Learning lessons for next season

There is still a feeling of uncertainty as the tours try to get back up and running following the five-month shutdown caused by the coronavirus pandemic.

We've got a lot of work to do logistically to make this all work. We need to make sure the players are safe. But I think they're going to be pretty hungry to want to play some tennis with some crowds by the time we get to January Craig Tiley

The Chinese leg of the tours have been cancelled completely for this year leaving the WTA with a huge gap in their calendars as well as in their finances.

The US Open continues to promise all will be well in New York as long as players adhere to their strict pandemic safety guidelines and sign a waiver absolving the organisers from any responsibility should they catch the dreaded disease!

We are still in the early stages of the restart and over the next month, more lessons will be learnt to make it safer for the players, the organisers and their staff, and hopefully allow spectators back in to watch properly.

Much, however, will depend on the quarantine arrangements some countries will be enforcing on travellers thereby restricting movement and perhaps restricting players to events within their own countries or neighbouring ones.

Craig Tilley, the Chief Executive of Tennis Australia, is very aware of the problems as he tries to firm up the calendar for the start of the 2021 season. He says he is in regular contact with the top players and understands their ‘guarded concerns’, especially about the travel.

“We’ve got to just talk them through their safety, what’s been done,” Tiley told Reuters. “But we’re also not forcing anyone to come, it’s ultimately their choice.

“We’re going to provide the best possible environment.

“If they get on the flight and come, we’ll ensure their safety. If they choose to stay at home for their safety, we will respect that as well.”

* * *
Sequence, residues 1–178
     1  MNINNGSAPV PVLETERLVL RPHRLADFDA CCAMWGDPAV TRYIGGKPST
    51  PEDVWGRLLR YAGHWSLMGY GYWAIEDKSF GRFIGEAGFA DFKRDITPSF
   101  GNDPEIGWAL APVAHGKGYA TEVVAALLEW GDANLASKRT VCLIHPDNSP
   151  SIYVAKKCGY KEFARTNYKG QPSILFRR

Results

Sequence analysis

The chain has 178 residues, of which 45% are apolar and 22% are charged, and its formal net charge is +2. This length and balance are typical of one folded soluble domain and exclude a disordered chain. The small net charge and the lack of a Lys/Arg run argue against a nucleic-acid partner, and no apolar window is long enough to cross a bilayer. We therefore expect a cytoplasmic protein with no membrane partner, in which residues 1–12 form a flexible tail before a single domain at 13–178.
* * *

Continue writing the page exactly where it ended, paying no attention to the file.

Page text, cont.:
He is certainly making the trip attractive as TA confirms that the ATP Cup is still scheduled to go ahead in January in Perth, Brisbane and Sydney as a warm-up for the Australian Open, as are the women’s events in Adelaide, Brisbane and Hobart, despite the question marks which hover over them.

“We are talking a lot to the ATP every week. We both want to run it,” Tiley said.

“It was a great start-up event. It was massively successful. We are planning on having it in three cities and we’re working with those cities.

“We’ve got a lot of work to do logistically to make this all work. We need to make sure the players are safe. But I think they’re going to be pretty hungry to want to play some tennis with some crowds by the time we get to January.”

He is also confident that they will be running the Australian Open in its usual calendar slot with full prize money and spectators back in the stands.

Part of that plan is to establish five bio-security ‘bubbles’ in cities across Australia from early December, and as an added bonus, TA are looking at giving players who arrive early more tournament play opportunities to prepare for the first Grand Slam of the season.


The Murray brothers set off for New York

Instagram

Meanwhile the Murray brothers have jetted off to New York to prepare for the US Open which starts on the 31st August.

The flight was marked by Jamie Murray posting a video on Instagram revealing that the pair had boarded only for Andy to discover he had forgotten some essential travel gear.

“The only thing he remembered to bring was his mask” Jamie said chiding his younger brother for being disorganised.

The omissions meant that Andy Murray would have a boring eight-hour flight after forgetting his earphones and laptop charger.





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